The real engineering novelty of the expansion, says de le Guardia, is its use of water-saving basins built alongside the new locks. The canal's current locks lose about 50 million gallons to the sea each time a boat transits, he notes. With 14,000 vessels moving through each year, that's a lot of water under the bridge. With the new system, 60 percent of the water used on each transit will be reclaimed, for a 7 percent overall reduction compared to the current system. That water comes from Gatun Lake, the source of drinking water for Panama City as well as the reservoir for the locks. Keeping it potable while maintaining optimum lake levels for shipping is a chief concern for de la Guardia's team. The canal expansion will raise the level and create wider channels at the Atlantic and Pacific entrances. A redundant system of sixteen rolling gates—eight on each side—is designed to prevent the ultimate nightmare: a ship crashing through the locks and draining Gatun Lake.

Once the job is done, says de la Guardia, "I think it will be time to retire."

— Franklin Crawford

Last Updated on Wednesday, 05 March 2014 18:11
 

"Copy Boy, Give me Reprint Services" -- Stolen Moment from Tompkins Weekly

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Reprinted with persimmons from Tompkins Weekly:

By Franklin Crawford, damned fool

I took a Real Age test a few weeks ago. Perhaps you’ve seen these things. You answer a bunch of questions about your health, habits, family history and so on, and a quackadoodle algorithm calculates your “real age.”

Its costs nothing and, unlike exploring your own credit rating, it doesn’t harm your borrowing power. Dr. Oz is big on the Real Age test and it’s easy to see why: He keeps winning. Or losing, which is winning on the Real Age Test. I learned that Dr. Oz is 53, but his “Real Age” is something like 45.

By the way ­– you know his name really is Oz? He’s Turkish. That’s how he gets away with it.

But what happened to Deepak Choprah? The guy gets no press any more. And what a great name! Remember the joke about him marrying Oprah?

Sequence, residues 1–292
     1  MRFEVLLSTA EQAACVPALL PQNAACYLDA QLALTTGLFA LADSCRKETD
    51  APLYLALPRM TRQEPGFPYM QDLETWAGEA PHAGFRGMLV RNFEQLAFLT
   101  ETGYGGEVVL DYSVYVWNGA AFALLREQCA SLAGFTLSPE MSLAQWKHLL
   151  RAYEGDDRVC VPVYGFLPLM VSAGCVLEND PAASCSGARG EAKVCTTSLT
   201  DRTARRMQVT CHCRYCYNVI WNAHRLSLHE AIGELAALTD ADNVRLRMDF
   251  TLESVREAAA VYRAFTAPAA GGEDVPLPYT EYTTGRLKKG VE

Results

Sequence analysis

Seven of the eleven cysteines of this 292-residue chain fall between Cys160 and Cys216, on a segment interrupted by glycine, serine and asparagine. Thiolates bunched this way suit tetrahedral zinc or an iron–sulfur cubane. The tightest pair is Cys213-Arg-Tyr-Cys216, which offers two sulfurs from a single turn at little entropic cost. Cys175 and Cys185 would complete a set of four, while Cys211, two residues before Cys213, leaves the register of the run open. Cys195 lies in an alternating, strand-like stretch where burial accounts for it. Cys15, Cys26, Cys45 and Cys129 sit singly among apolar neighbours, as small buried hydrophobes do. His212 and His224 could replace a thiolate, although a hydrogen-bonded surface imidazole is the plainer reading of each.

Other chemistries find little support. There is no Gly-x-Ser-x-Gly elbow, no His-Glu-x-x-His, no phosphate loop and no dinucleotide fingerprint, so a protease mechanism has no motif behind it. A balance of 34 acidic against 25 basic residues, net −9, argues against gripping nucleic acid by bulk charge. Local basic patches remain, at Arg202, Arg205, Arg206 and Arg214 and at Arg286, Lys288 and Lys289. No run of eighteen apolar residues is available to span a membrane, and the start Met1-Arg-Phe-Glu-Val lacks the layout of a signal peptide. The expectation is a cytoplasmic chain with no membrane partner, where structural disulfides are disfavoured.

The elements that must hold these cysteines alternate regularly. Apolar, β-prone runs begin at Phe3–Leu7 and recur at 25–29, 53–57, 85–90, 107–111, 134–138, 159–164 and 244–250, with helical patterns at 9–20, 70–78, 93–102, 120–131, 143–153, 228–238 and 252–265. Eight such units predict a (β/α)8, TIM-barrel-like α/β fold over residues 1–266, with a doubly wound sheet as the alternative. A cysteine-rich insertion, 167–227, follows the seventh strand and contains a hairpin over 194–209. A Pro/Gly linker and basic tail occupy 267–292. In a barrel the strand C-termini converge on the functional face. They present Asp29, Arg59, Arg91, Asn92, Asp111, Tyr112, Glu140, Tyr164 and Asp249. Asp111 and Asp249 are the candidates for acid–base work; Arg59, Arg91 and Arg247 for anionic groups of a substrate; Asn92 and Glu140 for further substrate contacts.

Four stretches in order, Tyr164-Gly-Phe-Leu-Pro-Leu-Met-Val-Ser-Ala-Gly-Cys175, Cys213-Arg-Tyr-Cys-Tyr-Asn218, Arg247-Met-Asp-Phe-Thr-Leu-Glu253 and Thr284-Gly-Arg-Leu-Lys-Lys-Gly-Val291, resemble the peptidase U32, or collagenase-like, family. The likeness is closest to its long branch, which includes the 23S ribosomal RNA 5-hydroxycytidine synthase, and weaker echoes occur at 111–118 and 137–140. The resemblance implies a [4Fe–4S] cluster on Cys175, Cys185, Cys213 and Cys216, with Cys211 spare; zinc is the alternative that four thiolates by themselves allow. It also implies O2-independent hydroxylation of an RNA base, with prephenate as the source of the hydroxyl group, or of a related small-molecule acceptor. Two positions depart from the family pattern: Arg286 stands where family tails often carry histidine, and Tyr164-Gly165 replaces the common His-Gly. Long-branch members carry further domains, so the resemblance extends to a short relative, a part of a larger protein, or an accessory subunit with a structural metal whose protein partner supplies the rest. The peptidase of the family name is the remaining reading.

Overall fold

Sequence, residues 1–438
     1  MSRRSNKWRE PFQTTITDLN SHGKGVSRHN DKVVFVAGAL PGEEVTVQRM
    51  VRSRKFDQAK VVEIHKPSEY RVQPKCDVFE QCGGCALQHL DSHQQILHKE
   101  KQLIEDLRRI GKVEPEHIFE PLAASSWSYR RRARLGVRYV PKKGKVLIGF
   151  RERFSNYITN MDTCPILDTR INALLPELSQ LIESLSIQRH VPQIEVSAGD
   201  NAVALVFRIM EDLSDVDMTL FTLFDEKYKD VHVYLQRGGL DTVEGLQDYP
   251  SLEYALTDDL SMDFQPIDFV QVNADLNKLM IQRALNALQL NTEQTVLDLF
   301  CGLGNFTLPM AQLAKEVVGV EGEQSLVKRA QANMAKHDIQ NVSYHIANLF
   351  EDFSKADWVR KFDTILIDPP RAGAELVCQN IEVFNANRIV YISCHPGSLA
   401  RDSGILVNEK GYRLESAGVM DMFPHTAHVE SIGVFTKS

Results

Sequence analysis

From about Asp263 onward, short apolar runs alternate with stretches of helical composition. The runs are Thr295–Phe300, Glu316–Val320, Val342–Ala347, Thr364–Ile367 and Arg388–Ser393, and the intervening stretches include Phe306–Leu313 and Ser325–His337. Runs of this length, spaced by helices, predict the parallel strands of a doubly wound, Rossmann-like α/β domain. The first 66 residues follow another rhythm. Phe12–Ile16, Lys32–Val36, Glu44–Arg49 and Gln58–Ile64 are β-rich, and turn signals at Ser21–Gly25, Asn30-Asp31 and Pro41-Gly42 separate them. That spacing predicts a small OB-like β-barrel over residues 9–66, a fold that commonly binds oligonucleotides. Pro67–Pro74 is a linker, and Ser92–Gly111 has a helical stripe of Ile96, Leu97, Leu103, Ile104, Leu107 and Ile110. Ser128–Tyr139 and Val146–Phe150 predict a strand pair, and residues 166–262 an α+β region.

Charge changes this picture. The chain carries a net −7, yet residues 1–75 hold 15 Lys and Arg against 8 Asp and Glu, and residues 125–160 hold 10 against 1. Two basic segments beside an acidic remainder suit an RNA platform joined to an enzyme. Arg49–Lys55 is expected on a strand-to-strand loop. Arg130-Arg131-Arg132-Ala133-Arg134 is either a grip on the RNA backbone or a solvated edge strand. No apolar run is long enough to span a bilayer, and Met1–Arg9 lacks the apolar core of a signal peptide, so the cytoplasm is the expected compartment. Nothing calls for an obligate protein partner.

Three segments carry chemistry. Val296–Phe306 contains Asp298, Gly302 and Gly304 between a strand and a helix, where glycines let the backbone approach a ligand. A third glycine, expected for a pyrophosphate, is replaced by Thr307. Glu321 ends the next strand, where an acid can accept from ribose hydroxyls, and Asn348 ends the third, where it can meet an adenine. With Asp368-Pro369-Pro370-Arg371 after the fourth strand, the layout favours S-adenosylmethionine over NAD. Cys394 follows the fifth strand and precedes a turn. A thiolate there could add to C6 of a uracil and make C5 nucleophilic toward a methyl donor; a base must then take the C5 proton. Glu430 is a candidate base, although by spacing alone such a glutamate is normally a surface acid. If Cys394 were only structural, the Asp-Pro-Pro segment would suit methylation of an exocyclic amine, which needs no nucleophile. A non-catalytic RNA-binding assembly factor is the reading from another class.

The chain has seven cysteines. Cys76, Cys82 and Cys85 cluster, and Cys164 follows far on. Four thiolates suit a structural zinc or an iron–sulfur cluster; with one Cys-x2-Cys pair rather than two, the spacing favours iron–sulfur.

Those were simpler times, the ‘90s, and we laughed and laughed.

Now there’s Dr. Oz. He’s no C. Everett Koop, let me tell you. Koop was a man’s man, if a man’s man looks like a Civil War tugboat captain. Koop didn’t prat about in powder blue scrubs with a stethoscope around his neck. He wore a uniform, dammit, and by gum, he knew how to keep his epaulets from flying off under heavy fire. Koop was appointed Surgeon General by President Reagan, in 1981. Dr. Oz was only 21 back then, which put his Real Age at 12, so I don’t know how he got served in bars.

Koop lived right up until Feb. 25, 2013. He was 96, but his Real Age is impossible to calculate now.

Who remembers the Surgeon General who came after Koop? No one. No one but friends and family of Dr. Antonia C. Novello, the first lady S.G.

Up until Koop, all Surgeon Generals were white men. Novello was the first woman; Dr. Jocelyn Elders was the first Black American woman;

Dr. David Satcher was the first Black American man …

Then there was Dr. Andrew Weill and we all got spontaneously healed. Things like that could happen during the Clinton Administration.

Would you believe it? You can believe almost anything if you want to. Just browse the news rack at your local impulse aisle.

Come to mention it, I have a question: How do you tally up your items on a 10 Item or Fewer aisle? Because, see, if I get four cans of cat food, that’s not four items, that’s one item. The cashier doesn’t care. They are airport security. No one gets kicked out for overload. But scofflaws exist. Oh yes. I’m not talking about people who sneak maybe three extra items onto the line. I’m talking about able-bodied people with carts full of various items, items that can’t be lumped under one unit price.

Let’s pause right there since I mentioned the able-bodied: I received a somewhat hostile note from an anonymous reader about my nuisance wildlife column of Feb. 3. This gentle reader somehow believes I was making light of people born with cleft palates. I’m sorry she thinks that. I’m sorry someone was hurt by their own misconception. Humor that pokes fun at people with infirmities is deplorable, okay? I don’t do it.

Moving right along I must vent my spleen about something else. I don’t drive much. But on a Friday night last month I was running late for an event and, do Lord forgive me, I drove my car. Polar Vortex II had the world in its icy grip. En route, I stopped to get some soda. I will admit something I don’t feel good about: I parked outside the store and left the car running. I was in and out of the place pronto. As I returned to my vehicle, a man in full cycling regalia approached me. He said something I didn’t understand and I asked that he repeat himself.